One of the most exciting things about my 2022 race season is its variety. I'm adding curly bars to the racing quiver, counting new states visited and raced in, will be racing in many formats far more expansive than just XCO, and (my personal favourite element of variety this season) will be racing in durations ranging from 20 minutes to 12+ hours. That last fact has not yet failed to make me giggle in its absurdity. How does one train for such a crazy spread of events? I've had a lot of people ask this question, wondering if I've changed my training approach to be better (or differently) prepared for the variety of these races. In all honesty, my answer is both "not really" and "YES I've changed everything". How is that possible? Well...
My training itself hasn't changed drastically. I've always been a volume responder, and the bulk of those hours are still there. However, I've reached a point in my career where it's no longer about adding hours, but about making those hours as deliberate and effective as possible (it's always the goal to make your hours deliberate, but I'm sure you see what I mean here). I've added certain types of intensity, subtracted others, and paid more attention than ever to recovery. I've created bigger waves of loading and de-loading, so that my tough weeks have been tougher, but they've been balanced by easier off-periods. A big change - which may not seem like much to you - is that I've done some of this intensity work on a drop bar set up. In the past, I have done nearly all of my intensity work on my mountain bike for specificity's sake, but this year, the intensity was split between rigs to teach my body what higher load feels like in the different positions. Another massive change is that I trained a ton with other people. It doesn't mean that the output of my hours was measurably different, but the flavour and effect of those hours were drastically different. But, by a landslide, the biggest thing that changed was my perspective.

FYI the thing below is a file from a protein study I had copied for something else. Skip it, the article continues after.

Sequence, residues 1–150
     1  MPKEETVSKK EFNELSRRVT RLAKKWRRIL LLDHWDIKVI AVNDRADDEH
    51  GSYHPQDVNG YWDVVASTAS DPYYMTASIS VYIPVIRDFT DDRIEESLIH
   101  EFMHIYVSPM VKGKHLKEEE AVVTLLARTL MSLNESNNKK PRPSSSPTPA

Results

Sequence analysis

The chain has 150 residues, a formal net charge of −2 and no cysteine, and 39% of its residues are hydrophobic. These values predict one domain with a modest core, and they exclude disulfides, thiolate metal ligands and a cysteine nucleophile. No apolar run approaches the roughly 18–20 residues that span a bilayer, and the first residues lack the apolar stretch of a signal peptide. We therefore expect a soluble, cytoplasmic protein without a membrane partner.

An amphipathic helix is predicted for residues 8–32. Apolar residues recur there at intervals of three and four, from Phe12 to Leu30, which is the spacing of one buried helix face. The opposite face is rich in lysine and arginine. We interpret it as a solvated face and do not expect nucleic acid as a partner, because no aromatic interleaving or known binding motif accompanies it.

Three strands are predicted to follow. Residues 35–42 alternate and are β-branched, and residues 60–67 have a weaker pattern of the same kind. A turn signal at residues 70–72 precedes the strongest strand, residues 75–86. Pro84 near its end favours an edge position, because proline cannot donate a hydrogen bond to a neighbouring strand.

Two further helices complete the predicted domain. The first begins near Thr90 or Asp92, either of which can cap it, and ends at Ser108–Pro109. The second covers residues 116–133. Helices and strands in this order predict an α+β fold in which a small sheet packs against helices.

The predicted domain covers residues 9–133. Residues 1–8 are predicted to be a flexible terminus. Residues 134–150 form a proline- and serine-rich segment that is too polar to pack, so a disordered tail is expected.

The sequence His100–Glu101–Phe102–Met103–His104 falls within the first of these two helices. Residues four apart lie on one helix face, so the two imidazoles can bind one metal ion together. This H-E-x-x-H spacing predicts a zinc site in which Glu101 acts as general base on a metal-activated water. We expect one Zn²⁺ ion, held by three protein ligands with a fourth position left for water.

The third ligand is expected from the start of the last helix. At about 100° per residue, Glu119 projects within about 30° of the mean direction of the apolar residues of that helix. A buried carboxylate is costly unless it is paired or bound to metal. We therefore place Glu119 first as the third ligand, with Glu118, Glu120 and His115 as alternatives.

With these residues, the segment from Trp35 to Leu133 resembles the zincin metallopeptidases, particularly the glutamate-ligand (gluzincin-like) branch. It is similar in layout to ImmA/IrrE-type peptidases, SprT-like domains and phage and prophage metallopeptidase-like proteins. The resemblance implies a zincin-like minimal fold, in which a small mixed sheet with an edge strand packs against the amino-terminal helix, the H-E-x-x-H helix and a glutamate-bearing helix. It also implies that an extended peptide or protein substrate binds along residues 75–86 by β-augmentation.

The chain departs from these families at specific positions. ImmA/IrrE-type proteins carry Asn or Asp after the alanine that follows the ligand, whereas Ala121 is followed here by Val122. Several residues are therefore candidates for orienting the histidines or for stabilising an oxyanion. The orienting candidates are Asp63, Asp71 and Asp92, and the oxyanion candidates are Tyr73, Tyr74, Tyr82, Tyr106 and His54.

The last few years have been so pressure-filled (mostly pressure of my own invention). This year, my training goals have been to grip less and flow more. As a very type-A person, that's been kind of uncomfortable: I've had to exercise flexibility and openness, which as anyone with an eating disorder history knows, is *effing* difficult. But after the Olympics, I knew that my continued pursuit of this sport needed to be fresh and focused on growth, and so I've really leaned into that different attitude. It's an attitude that's allowed me to be happier, have less "can't get out of bed" days and fewer anxiety attacks, and mostly, to just ENJOY the training process. Overall, it's been a really good preparation season.
Having never done these long gravel races, I obviously don't know... but I can imagine that that flexible, free attitude will be key in approaching a challenge like Unbound. Happily, it's also an attitude that lets you get the most out of yourself in the blistering effort of a 20min short track. Seems like it was probably a good skill (because, yes, maintaining a certain attitude IS a practicable skill) to incorporate into the winter's training.
With the first instalment of the LTGP series in the rearview (which was 3.5 hrs and 83km), the next challenge on the docket is the US Cup series in Arkansas. In a span of five days, we'll race an XCO, an XCC, and another XCO. Grip less, flow more. Let's see what happens!
The next few weeks are full of racing: three next week in Arkansas, then two race days the following week in Prescott, AZ (Whiskey50), and then we're straight to Europe for World Cups 2 and 3. Very curious to see how my body handles this varied and dense load. And as we leave for Arkansas today, our winter of training in California and Arizona has come to a close. Very thankful to the McDonnell family in California for adopting us this winter, and to all the friends in Tucson who've helped us out with logistics. You've made this winter on the road wonderful.